The Center for Genomics and Personalized Medicine helps train the next generation of innovative scientists and medical professionals. Our efforts are tightly linked to Stanford’s world class Ph.D., Genetic Counseling, and MD programs, as well as postdoctoral fellow and medical resident training.


Our graduate students and postdoctoral fellows in genomics are highly motivated individuals who want to make a difference for the benefit of future generations. Interdisciplinary work is the norm, with projects requiring sophistication at the lab bench and at the computer, for generation and analysis of the massive datasets that are typical for genomics.

While faculty act as advisers, and set the overall direction of research at the Center and in their labs, graduate students and postdocs work together with staff to actually produce the results that get published in the scientific literature. A small but important fraction of these results get converted into intellectual property or translated into medical advances, or both. To keep up innovation and productivity, the Center is dedicated to recruiting the best students and postdocs from all over the world (visit our Biosciences Department).

The Center is part of one of the first training programs in genomics, the NIH-funded Stanford Genome Training Program, founded in 1996. The SGTP currently supports 25 Ph.D. students and five postdoctoral fellows. In addition to this NIH-supported program, many students in genomics receive highly competitive internal or external fellowships, such as NSF (National Science Foundation) fellowships or Stanford Graduate Fellowships (SGF).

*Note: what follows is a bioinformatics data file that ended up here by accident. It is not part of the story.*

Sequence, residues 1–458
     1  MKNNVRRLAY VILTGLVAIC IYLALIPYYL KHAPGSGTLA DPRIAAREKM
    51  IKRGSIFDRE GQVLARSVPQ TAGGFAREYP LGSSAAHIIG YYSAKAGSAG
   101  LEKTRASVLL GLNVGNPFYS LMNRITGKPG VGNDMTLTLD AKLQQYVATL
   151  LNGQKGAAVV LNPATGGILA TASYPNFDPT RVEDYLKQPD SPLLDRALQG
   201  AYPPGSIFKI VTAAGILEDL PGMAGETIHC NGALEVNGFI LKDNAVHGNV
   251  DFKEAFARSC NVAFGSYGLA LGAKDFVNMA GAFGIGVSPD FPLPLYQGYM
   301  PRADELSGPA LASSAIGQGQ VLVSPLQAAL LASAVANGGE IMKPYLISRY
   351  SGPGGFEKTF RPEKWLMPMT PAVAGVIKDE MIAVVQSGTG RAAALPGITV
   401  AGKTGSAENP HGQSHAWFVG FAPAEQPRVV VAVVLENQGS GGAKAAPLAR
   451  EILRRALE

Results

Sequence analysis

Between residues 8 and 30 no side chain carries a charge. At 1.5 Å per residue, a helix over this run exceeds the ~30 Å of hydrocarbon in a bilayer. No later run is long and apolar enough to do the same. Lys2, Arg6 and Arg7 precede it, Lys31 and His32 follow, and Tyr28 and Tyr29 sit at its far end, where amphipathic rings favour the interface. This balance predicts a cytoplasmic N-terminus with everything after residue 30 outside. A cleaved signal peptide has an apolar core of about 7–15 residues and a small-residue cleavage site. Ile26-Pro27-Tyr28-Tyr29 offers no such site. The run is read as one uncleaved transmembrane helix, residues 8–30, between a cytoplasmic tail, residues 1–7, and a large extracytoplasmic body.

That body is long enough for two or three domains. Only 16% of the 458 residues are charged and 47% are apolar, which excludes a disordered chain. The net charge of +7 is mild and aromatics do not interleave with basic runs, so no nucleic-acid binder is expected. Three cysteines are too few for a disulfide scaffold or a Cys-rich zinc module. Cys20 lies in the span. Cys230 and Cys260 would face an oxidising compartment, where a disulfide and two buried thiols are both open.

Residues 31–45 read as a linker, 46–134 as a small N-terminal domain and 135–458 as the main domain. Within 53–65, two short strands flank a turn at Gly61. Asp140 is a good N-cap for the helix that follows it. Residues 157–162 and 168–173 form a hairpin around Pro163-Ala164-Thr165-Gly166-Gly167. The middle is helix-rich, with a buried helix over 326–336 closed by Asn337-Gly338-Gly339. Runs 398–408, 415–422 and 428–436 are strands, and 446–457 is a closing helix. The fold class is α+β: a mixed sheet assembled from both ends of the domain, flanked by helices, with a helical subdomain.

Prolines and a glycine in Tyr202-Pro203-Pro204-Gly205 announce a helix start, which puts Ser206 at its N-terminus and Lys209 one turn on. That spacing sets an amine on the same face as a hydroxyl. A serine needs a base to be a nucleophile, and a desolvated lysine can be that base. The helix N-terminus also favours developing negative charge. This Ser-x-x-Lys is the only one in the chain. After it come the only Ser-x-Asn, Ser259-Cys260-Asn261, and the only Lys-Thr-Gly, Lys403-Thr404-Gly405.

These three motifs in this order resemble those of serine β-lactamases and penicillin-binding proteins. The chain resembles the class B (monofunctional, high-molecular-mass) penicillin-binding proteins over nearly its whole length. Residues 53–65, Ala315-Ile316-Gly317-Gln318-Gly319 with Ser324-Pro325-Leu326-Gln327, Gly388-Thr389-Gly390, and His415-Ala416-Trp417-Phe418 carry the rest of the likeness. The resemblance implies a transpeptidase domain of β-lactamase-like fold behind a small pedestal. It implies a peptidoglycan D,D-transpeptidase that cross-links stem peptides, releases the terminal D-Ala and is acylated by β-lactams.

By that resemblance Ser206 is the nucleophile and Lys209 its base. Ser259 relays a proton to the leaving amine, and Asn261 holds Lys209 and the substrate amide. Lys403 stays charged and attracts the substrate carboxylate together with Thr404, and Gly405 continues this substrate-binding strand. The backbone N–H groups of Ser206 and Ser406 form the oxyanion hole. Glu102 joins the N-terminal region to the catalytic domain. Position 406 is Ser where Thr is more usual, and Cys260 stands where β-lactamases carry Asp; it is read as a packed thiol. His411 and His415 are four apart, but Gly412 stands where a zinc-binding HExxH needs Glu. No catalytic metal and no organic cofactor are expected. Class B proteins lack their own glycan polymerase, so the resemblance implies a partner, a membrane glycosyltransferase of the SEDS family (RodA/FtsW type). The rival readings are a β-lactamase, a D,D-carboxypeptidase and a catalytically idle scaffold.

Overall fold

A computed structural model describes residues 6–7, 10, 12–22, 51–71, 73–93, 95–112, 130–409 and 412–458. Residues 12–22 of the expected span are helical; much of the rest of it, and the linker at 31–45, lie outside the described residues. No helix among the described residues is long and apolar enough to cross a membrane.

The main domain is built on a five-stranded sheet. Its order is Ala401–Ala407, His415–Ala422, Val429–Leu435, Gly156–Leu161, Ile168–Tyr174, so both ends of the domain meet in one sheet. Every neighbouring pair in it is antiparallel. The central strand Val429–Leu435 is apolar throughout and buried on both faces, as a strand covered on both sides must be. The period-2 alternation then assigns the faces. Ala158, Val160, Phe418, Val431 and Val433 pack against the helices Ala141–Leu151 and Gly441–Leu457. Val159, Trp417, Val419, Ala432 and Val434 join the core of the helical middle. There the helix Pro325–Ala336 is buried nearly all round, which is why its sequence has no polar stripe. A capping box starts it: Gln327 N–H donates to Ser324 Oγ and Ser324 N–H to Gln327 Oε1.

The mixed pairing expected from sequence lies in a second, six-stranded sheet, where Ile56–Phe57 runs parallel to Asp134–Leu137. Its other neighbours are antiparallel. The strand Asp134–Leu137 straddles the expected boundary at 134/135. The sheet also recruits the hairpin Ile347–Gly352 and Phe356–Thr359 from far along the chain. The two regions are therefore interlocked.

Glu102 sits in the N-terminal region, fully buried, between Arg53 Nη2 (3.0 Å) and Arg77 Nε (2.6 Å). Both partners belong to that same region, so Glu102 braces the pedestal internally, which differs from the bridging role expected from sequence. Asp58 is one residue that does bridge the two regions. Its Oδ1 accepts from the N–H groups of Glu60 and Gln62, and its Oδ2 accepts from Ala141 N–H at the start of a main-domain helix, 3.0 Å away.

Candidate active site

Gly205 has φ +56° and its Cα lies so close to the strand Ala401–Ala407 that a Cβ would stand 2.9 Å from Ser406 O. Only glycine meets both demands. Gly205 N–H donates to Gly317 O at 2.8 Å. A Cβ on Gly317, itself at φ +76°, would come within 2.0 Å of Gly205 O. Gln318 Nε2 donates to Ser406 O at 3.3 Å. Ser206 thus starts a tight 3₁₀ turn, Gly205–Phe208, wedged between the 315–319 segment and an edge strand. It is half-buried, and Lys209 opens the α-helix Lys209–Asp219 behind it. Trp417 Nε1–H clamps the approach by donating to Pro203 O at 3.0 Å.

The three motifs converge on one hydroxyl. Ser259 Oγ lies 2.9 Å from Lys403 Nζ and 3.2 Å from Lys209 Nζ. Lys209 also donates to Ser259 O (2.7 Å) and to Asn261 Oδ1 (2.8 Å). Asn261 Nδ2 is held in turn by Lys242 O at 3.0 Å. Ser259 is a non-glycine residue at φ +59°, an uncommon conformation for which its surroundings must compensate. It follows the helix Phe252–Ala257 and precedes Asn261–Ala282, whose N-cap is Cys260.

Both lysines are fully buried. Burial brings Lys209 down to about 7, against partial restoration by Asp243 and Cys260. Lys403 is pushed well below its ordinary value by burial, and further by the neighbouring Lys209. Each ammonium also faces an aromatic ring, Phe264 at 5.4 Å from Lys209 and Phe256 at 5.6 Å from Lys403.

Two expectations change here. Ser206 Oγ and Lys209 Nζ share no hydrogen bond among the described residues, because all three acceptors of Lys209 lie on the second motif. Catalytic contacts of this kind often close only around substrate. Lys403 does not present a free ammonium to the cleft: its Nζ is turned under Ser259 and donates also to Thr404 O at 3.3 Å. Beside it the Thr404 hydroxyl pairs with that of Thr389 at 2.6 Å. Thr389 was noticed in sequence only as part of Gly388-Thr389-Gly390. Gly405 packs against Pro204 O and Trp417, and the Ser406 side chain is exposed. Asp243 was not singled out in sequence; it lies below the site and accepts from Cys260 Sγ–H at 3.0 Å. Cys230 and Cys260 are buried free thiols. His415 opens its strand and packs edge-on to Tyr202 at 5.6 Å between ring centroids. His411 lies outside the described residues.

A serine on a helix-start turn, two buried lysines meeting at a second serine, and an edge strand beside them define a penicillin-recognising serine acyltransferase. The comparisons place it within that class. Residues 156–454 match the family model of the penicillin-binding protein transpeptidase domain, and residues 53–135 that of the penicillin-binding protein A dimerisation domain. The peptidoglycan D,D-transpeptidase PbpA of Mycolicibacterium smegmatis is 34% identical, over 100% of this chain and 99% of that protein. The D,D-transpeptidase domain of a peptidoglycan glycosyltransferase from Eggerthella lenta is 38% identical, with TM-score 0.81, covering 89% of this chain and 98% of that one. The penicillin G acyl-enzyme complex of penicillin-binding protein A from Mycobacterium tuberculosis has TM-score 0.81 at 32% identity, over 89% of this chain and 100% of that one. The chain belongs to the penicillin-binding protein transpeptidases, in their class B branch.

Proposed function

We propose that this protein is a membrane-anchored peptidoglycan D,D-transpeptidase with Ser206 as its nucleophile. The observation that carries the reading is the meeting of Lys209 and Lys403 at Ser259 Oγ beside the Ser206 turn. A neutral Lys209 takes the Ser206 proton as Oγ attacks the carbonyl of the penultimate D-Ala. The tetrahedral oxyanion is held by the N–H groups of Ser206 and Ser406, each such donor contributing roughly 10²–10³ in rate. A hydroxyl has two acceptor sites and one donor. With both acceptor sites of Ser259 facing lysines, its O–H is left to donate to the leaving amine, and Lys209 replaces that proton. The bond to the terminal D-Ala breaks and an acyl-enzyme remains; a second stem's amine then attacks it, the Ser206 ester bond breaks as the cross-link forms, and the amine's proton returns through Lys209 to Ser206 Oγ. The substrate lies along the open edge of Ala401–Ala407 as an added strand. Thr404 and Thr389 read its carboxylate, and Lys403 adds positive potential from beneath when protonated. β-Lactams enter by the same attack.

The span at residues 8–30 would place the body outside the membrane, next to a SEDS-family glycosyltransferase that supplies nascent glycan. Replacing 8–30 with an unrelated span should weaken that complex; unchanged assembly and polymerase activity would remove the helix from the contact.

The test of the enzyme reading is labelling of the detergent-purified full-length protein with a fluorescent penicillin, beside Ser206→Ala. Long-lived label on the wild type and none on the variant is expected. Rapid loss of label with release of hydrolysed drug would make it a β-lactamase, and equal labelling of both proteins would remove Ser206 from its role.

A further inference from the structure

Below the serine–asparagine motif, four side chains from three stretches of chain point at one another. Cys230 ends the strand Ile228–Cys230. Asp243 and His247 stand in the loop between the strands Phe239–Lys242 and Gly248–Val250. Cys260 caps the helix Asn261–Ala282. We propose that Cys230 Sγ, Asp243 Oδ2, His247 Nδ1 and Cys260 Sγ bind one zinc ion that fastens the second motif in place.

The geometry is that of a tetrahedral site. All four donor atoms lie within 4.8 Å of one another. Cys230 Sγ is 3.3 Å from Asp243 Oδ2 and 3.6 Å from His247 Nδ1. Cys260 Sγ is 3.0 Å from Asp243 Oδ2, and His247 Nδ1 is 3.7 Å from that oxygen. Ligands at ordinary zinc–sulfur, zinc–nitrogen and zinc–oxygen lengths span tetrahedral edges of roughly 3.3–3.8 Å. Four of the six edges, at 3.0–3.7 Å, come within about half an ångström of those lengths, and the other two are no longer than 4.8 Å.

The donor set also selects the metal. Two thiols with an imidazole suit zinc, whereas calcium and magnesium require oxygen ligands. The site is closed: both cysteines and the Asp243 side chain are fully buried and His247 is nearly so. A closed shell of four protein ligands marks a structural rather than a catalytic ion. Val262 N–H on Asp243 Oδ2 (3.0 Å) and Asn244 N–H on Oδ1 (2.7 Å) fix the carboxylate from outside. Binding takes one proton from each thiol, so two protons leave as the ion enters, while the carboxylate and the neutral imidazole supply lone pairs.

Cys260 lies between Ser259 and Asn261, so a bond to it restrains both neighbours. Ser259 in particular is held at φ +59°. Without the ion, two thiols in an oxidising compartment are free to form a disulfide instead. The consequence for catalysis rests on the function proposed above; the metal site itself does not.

Genetic Counseling

Genetic counselors are health care professionals who work closely with specialist physicians and their patients to help explain conditions that have a genetic basis. Counselors advise patients who are at risk of genetic diseases, and assist physicians in selecting the proper genetic test and interpreting the results.

Our state of the art training program includes coursework in molecular genetics, a range of clinical areas, psychology and counseling skills. The program also includes a significant clinical training component. All students complete a research project, typically assessing the impact of genetic counseling or clinical genetics on patients and treatments. Program graduates are usually employed in medical centers, or commercial or academic laboratories. More information can be found by visiting Stanford's Master's Program in Genetic Counseling.


Stanford’s strength as a top-ranking medical school with an emphasis on basic research ensures that medical students are exposed to the latest advances in genomics.

Faculty of clinical departments (including but not limited to Medicine, Pathology, and Radiation Biology) that are associated with the Center teach in a wide array of medical student courses.

Residents in relevant medical disciplines learn to interpret genomic data as part of their residency training, and departments affiliated with the Center have begun to weave genomics and personalized medicine into their continuing education curriculum. For more information, visit Stanford's Medical Education Program.